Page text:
Backing Isaiah for no reason still does not make the offer decent. The Lakers wouldn't consider it, so we know it's not a decent or legitimate offer. It's a "throw sh*t against the wall and hope it sticks" offer.
    Again I'm saying the offer is decent because of what is involved in it not because of who they are making the offer to, which I already said is a stupid basis for discussion. I'm not backing Isiah for no reason. I like him because he is good at drafting players and he inherited a mess with this team and I want to give him some more time with this team. I want to see how this team is in the next couple of years with the development of Curry and the other young pieces we have.

  12. #32
    Quote Originally Posted by DevsJetsYanks88
    I'm not backing Isiah for no reason. I like him because he is good at drafting players and he inherited a mess with this team and I want to give him some more time with this team. I want to see how this team is in the next couple of years with the development of Curry and the other young pieces we have.
    How long would you give Isiah with the Knicks? Im actually curious about where most people see him in terms of job security. For as bad as the team got under Layden its been pretty much status quo for the Knicks at least in terms of record in a very weak eastern conference. I think its fair to throw out the Larry Brown year asthe team only ended up being that bad because Brown and Thomas both worked to undermine one another. For the most part, even with all the moves and draft picks, they are still a 33 win club. Id say in that time you had 4 teams in the East get worse(Boston, Milwaukee, Indiana, & Philly), 7 get better(Orlando, Atlanta, Charlotte, Chicago, Toronto, Cleveland, & Washington), and probably 4 remain around the same level(NJ, Miami, Detroit, & The Knicks).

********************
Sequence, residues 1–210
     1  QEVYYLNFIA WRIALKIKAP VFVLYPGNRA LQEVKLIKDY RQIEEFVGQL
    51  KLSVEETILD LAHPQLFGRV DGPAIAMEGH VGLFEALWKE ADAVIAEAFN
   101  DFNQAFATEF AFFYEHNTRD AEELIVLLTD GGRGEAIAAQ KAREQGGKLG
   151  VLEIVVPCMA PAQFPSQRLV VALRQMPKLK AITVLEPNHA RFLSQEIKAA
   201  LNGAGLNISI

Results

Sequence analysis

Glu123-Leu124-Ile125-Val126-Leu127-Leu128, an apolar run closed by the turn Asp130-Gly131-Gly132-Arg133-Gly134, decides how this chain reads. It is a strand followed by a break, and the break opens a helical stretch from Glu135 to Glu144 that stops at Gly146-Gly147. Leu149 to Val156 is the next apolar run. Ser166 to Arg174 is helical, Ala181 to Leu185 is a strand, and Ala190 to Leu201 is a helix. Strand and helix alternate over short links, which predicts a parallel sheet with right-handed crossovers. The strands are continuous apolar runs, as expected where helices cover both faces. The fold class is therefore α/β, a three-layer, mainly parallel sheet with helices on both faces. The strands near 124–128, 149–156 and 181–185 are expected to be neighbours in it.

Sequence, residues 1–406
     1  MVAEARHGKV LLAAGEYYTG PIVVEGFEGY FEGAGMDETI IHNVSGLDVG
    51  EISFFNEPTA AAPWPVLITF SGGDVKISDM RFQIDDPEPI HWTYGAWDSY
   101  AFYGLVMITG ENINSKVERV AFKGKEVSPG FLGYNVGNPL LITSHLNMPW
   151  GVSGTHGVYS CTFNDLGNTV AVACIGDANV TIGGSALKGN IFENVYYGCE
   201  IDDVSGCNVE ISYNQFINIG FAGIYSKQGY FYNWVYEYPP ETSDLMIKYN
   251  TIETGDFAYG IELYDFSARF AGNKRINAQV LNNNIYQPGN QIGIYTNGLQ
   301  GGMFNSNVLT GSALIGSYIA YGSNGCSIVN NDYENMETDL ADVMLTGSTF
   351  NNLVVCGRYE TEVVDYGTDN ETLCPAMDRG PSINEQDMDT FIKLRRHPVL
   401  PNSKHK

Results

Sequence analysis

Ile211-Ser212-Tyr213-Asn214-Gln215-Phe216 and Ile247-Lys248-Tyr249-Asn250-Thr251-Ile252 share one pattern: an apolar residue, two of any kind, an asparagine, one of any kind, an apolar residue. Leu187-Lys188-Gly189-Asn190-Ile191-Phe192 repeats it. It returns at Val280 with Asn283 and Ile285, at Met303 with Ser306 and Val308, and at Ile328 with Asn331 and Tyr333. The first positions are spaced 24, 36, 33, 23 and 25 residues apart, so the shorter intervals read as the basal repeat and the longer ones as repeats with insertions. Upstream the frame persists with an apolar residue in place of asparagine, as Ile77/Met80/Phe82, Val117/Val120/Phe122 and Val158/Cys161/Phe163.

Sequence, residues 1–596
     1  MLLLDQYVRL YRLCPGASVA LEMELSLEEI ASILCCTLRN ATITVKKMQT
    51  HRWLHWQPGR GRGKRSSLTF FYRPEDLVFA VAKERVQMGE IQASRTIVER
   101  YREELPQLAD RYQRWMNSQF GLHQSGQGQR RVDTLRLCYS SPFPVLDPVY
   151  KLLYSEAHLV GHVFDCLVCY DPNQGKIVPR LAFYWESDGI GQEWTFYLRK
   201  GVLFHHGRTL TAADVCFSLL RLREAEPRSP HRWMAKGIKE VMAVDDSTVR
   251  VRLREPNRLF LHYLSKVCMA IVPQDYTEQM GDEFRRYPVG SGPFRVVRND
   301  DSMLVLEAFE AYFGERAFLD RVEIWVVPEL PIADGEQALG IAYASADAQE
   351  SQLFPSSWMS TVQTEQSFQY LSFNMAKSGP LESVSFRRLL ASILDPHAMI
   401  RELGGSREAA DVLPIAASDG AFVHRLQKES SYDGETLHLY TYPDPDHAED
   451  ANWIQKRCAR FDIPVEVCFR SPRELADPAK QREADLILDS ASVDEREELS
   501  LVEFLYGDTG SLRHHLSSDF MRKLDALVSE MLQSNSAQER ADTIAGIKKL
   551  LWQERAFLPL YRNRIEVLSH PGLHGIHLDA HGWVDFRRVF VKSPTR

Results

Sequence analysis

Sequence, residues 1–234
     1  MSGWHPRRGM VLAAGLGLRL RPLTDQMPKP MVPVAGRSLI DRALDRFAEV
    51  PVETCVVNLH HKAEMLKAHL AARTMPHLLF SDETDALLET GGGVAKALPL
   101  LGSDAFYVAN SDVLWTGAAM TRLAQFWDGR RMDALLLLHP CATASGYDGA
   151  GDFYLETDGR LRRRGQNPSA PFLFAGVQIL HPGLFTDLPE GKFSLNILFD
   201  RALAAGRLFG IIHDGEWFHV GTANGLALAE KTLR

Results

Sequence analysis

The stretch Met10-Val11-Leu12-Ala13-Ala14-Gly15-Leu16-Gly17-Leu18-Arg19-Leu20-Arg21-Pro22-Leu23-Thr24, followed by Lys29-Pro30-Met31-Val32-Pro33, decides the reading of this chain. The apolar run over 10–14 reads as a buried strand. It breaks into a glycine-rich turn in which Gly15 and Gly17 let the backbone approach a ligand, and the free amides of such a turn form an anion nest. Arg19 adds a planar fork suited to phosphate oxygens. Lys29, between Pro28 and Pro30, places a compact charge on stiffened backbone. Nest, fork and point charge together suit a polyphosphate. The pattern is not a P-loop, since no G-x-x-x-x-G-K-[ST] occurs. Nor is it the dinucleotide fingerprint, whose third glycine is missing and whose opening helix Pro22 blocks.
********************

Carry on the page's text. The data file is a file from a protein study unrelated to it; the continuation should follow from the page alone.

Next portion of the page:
The trend there is that of the four three that got worse they bottomed out after years of being competive due to a variety of reasons. Of the teams who got better I believe all were lotto picks in 2004, though Atlanta certainly hit rock bottom much harder than the Knicks. 5 have since made the playoffs. Of the teams that remained status quo only the Knicks are a non playoff club and a lotto dweller in all but one of Isiahs years as GM. I think you could make an argument that only Milwaukee has done worse in the east during Isiahs years with the Knicks in terms of being a team with little success to live off of. I actually think Danny Ainge has done a worse job, but they do have one division title to say he at least had one year better.

    Do you give Isiah two more years? Three more years? One more year? What should be the benchmark? An Atlanta like benchmark which would be going from 33 to say 39 or 40 wins? Or a bigger benchmark like going from 33 wins to 45 wins? Of just take a wait and see attitude?

  13. #33
    Quote Originally Posted by Jason423
    How long would you give Isiah with the Knicks? Im actually curious about where most people see him in terms of job security. For as bad as the team got under Layden its been pretty much status quo for the Knicks at least in terms of record in a very weak eastern conference. I think its fair to throw out the Larry Brown year asthe team only ended up being that bad because Brown and Thomas both worked to undermine one another. For the most part, even with all the moves and draft picks, they are still a 33 win club. Id say in that time you had 4 teams in the East get worse(Boston, Milwaukee, Indiana, & Philly), 7 get better(Orlando, Atlanta, Charlotte, Chicago, Toronto, Cleveland, & Washington), and probably 4 remain around the same level(NJ, Miami, Detroit, & The Knicks).